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Can New Zealand’s Judicial Processes really be this bad?

Each year the World Bank updates its assessments of the degree to which business regulations make it easy or hard to do business in a county. Its 2018 report is the latest in this series.  It covers 190 countries.  You can download its data into Excel here.

New Zealand comes out top overall for ease of doing business. That’s great. But delving into the components of this aggregate reveals a mixed bag. We are outstanding in some areas, for example in the ease of setting up a new company.  But we are well down the country rankings in some other areas.

Our score for the Quality of Judicial Processes looks particularly bad. It is 9.5 out of a possible score of 18.  Australia tops the world with 15.5.  Fifty-three countries of 190 score more than New Zealand. These include 23 members of the 34 member countries of the OECD.  We share the score of 9.5 with nine other countries.  Two are also members of the OECD – Canada and the Czech Republic. Russia, Kosovo, Moldova, Amenia, Namibia, Paraguay and Palau also score 9.5.  The eight OECD member countries that score below New Zealand are Chile (9), Finland, Luxembourg, and Belgium, (each scoring 8), Ireland, Iceland and Japan (each scoring 7.5), and the Netherlands (7).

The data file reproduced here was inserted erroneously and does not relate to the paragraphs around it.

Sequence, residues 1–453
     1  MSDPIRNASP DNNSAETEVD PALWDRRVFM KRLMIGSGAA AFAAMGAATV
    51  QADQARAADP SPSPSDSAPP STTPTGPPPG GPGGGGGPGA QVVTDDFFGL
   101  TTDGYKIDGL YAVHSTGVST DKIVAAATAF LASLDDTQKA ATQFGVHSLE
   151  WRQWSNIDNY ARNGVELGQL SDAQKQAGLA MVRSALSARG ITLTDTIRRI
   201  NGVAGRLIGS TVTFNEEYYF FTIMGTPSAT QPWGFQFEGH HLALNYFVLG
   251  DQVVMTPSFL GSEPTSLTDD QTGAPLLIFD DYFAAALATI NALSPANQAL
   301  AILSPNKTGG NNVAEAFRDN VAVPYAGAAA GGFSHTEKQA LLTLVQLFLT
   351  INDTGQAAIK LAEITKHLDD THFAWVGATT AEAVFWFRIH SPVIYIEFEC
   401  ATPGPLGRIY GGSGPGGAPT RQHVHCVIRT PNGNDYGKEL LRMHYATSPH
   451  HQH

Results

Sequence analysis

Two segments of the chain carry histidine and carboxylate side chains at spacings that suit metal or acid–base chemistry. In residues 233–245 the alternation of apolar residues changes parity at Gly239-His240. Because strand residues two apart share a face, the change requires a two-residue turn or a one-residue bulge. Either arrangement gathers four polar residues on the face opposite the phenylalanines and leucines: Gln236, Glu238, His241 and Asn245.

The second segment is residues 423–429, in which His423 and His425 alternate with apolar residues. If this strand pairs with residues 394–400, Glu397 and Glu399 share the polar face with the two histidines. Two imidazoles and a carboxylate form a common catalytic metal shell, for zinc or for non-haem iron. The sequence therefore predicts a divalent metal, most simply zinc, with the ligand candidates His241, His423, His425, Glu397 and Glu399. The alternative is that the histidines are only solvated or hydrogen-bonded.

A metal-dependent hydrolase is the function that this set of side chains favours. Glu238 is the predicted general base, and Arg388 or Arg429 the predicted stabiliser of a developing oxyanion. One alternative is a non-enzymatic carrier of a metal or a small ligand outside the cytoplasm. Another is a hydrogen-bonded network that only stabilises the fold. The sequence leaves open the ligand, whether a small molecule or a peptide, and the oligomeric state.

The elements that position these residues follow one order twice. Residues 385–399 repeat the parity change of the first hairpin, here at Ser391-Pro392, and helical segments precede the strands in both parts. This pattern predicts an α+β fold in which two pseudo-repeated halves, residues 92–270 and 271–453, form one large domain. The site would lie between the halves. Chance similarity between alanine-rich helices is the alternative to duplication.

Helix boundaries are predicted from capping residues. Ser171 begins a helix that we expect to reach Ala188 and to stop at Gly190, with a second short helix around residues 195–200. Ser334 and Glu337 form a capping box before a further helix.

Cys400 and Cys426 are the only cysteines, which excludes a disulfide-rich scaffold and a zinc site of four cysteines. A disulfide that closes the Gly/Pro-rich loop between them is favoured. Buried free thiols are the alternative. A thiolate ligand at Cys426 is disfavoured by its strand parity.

The World Bank explains its detailed methodology for its index of the quality of judicial processes here (scroll down). It evaluates an impressive 17 aspects of each country’s judicial processes. It aggregates them into four sub-component indexes: court structure and proceedings; case management; court automation; and alternative dispute resolution. This does not look like an assessment that can be lightly dismissed.

Do any readers have some perspectives on New Zealand’s poor ranking that they can share?

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